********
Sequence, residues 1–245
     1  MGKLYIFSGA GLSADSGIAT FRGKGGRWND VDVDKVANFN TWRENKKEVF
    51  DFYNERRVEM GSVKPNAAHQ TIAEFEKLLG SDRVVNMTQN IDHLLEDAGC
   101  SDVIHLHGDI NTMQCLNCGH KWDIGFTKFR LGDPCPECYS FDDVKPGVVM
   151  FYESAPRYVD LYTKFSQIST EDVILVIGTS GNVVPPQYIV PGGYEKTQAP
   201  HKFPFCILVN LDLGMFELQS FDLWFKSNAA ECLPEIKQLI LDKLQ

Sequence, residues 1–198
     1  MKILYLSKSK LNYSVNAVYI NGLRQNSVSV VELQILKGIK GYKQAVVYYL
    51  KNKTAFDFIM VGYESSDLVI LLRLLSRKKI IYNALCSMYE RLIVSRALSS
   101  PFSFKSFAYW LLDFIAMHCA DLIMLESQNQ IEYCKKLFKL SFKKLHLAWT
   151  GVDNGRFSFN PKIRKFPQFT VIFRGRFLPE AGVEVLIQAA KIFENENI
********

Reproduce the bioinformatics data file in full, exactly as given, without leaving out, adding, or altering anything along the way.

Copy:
Sequence, residues 1–245
     1  MGKLYIFSGA GLSADSGIAT FRGKGGRWND VDVDKVANFN TWRENKKEVF
    51  DFYNERRVEM GSVKPNAAHQ TIAEFEKLLG SDRVVNMTQN IDHLLEDAGC
   101  SDVIHLHGDI NTMQCLNCGH KWDIGFTKFR LGDPCPECYS FDDVKPGVVM
   151  FYESAPRYVD LYTKFSQIST EDVILVIGTS GNVVPPQYIV PGGYEKTQAP
   201  HKFPFCILVN LDLGMFELQS FDLWFKSNAA ECLPEIKQLI LDKLQ

Sequence, residues 1–198
     1  MKILYLSKSK LNYSVNAVYI NGLRQNSVSV VELQILKGIK GYKQAVVYYL
    51  KNKTAFDFIM VGYESSDLVI LLRLLSRKKI IYNALCSMYE RLIVSRALSS
   101  PFSFKSFAYW LLDFIAMHCA DLIMLESQNQ IEYCKKLFKL SFKKLHLAWT
   151  GVDNGRFSFN PKIRKFPQFT VIFRGRFLPE AGVEVLIQAA KIFENENI